In the description which follows a number of circuit blocks shown in the drawing are discussed. These circuit blocks contain known circuits which are actuated by bi-level electrical signals applied thereto. When the signal is at one level, (say, the high level) it represents the binary digit 1 and when it is at the other level it represents the binary digit 0. Also, to simplify the discussion, rather than speaking of an electrical signal being applied to a block or logic state, it is sometimes stated that a l or a is applied to the block or stage.
The flip flop, shift register, counter, one-shot multivibrator, and logic gates or other blocks shown in the drawing may take on any suitable form. For example, these known circuits may be selected from any or all of the following catalogs: Fairchild Semiconductor Integrated Circuit Catalog, a catalog of Fairchild Semiconductor, lnc., Texas Instrument TTL Integrated Circuit Catalog, a catalog of Texas Instrument, lnc., and Signetics, 54 74 Handbook, a catalog of Signetics, Inc.
Coincidence gates are represented in the drawing with the conventional AND gate symbol having a dot therein and OR gates are represented by the conventional OR gate symbol with a ricontained therein. A
small circle at the output of these gates represents signal inversion such that the AND and OR gates becomes NAND and NOR gates, respectively. 'When a signal flow path contains more than a single lead or conductor, a slash mark is made through the path together with an adjacent number indicating the number of conductors in the path. One final note before proceeding with the description, the signal leads have in some cases been interrupted and labeled rather than shown as continuous leads so as to avoid cluttering in the drawing.
Referring now to FIG. 7, there is shown a block diagram of visual communication apparatus which embodies the present invention. The switch 21 is essentially a key type switch which provides an input signal INP to a timing network 30 and a keyboard control network 31. In its normal position the switch 21 is connected to a source of 0s 28 such that the input signal INP normally has a vlaue of 0. When the keying switch 21 is actuated, it is connected to a source of ls 29 so that the input signalINP has a value of l. The timing network 30 is arranged to provide a pair of clock signals 4;] and (1:2. i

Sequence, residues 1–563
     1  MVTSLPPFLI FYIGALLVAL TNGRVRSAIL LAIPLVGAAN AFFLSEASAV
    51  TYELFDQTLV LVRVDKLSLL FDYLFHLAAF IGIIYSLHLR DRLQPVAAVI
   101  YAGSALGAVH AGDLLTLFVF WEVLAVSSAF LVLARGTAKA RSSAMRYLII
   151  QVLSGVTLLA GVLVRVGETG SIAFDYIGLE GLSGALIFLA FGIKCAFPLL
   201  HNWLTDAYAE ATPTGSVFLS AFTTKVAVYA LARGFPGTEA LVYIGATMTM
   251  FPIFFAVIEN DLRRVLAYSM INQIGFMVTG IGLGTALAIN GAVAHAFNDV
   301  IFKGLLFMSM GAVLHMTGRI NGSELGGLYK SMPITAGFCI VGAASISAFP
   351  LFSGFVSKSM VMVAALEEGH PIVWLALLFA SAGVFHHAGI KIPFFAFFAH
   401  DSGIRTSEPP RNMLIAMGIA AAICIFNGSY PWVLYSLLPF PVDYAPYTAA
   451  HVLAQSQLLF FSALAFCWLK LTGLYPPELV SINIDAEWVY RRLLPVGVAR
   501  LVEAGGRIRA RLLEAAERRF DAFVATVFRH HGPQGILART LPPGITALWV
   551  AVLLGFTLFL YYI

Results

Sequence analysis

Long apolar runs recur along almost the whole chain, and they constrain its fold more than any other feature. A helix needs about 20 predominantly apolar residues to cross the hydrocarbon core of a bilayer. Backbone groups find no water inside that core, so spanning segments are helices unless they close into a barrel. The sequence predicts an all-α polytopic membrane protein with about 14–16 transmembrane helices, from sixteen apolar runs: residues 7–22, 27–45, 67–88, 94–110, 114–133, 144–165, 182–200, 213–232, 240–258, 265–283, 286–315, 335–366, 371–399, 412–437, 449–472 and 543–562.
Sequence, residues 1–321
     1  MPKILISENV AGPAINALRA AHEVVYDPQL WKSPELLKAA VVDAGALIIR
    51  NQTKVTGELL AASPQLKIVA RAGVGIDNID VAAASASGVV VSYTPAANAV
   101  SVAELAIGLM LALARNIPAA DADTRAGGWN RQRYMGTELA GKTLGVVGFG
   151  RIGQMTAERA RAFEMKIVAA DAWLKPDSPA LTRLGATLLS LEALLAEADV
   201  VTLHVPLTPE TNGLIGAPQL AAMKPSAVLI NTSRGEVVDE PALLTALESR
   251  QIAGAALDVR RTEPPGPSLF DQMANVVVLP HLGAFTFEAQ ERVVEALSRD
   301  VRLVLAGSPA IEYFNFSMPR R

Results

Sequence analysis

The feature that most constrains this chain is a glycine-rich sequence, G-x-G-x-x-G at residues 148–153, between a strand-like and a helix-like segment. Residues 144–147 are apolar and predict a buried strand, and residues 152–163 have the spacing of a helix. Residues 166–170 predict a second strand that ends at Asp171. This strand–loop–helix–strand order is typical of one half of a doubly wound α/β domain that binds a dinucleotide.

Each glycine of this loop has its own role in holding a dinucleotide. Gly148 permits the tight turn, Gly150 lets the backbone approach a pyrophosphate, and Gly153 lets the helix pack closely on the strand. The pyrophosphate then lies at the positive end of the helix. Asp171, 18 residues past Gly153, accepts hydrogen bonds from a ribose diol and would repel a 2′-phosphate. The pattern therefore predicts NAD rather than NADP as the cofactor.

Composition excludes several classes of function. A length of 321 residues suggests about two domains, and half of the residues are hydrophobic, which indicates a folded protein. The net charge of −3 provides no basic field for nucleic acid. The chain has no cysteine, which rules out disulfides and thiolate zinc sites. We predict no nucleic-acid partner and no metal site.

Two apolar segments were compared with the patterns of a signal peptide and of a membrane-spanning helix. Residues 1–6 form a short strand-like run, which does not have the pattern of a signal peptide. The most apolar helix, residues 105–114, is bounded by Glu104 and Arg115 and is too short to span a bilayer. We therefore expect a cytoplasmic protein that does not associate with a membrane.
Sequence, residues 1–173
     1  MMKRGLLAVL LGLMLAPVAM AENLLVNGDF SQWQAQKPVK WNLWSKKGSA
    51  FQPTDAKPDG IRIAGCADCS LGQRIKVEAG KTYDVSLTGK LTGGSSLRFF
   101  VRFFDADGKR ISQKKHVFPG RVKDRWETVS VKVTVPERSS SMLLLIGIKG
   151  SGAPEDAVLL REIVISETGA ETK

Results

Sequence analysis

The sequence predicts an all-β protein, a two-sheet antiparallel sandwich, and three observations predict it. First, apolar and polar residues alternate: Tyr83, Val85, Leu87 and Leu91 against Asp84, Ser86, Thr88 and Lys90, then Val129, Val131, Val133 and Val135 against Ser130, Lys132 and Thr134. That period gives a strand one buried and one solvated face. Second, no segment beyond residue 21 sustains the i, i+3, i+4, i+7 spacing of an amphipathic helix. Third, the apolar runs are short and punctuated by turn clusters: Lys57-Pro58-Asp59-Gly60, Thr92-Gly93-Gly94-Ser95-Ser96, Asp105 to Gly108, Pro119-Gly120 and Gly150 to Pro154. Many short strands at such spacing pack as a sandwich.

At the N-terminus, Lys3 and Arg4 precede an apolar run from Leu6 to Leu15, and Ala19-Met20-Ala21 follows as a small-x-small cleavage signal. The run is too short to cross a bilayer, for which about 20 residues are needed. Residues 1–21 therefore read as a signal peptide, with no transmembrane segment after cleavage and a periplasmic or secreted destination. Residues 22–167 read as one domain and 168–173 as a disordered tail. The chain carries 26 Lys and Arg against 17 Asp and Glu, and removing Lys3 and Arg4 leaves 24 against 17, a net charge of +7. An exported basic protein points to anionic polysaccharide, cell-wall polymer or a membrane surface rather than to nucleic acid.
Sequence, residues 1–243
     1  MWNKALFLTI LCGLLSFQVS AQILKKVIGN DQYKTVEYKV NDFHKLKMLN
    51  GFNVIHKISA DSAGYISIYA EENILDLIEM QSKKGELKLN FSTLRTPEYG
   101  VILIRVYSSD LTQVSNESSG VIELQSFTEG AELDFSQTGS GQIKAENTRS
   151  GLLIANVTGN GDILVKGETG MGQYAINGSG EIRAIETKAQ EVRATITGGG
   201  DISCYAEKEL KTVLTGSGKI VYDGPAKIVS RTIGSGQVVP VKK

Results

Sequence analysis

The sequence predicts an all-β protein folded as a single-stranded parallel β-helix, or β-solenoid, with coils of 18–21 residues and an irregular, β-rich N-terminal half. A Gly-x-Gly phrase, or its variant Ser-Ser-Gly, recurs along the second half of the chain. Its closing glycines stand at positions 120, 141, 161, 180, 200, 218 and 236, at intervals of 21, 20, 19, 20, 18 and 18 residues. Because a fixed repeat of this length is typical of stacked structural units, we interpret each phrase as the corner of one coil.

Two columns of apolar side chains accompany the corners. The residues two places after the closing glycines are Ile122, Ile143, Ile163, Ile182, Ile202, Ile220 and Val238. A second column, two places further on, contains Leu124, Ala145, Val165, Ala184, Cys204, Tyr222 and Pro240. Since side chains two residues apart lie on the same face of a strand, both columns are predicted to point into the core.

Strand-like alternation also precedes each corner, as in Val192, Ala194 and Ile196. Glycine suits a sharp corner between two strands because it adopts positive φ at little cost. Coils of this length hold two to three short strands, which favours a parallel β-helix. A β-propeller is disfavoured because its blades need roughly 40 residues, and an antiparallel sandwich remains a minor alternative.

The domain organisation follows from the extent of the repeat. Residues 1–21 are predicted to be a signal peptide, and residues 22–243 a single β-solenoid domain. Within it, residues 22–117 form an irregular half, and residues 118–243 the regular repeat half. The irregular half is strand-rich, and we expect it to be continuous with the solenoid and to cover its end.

The keyboard control network 31 responds to the input signal INP to provide either a code select pulse CS P to a code scan network 32 or a keyboard pulse KBDP to an address scan network 33. In the standby mode, the code scan network 32 is operative to sequentially scan the code characters 27. It is in this standby mode that the keyboard control network 31 provides the C81 code scan network 32. A two bit code representing the code characters (1, 2, 3, or 4), which are illuminated at the time the Cw signal is received, is coupled from the network 32 to the keyboard control network 31. When the appropriate code or character sequence has been entered by the operator, the keyboard control network ceases to supply CSP signals and commences to supply KBDP signals in response to further input INP signals. In addition, when the character sequence or code has been correctly entered, the keyboard control network 31 produces a keyboard on KBDON signal which is also applied to the address select network 33. The complement signal KBDON is employed to enable the code scan network during the standby mode and to disable it when the code has been correctly entered.
When enabled by the KBDON signal, the address scan network 33 provides a set of codes or binary numbers sequentially, one at a time, to an X and Y decoder and driver network 36. The network 36 decodes the binary numbers and in response thereto provides illumination drive signals to the appropriate groups and illumination elements of the dsiplay screen. For convenience, the visual communication apparatus circuits are being illustrated for the case where the display screen is comprised of 16 display element locations or one quadrant or group of the display screen 23 of FIG. 1. For this reason, the display screen has been labeled 26-2 in FIG. 7 and it will be assumed that the display characters or information items are the same as those shown for the display area 26-2 in FIG. 1. Accordingly, the networks 33 and 36 will be operative to sequentially illuminate the subgroup or sector areas 26-21, 26-22, 26-23 and 26-24 and, once a particular sector is selected, will be further operative to sequentially illuminate the characters within the selected sector.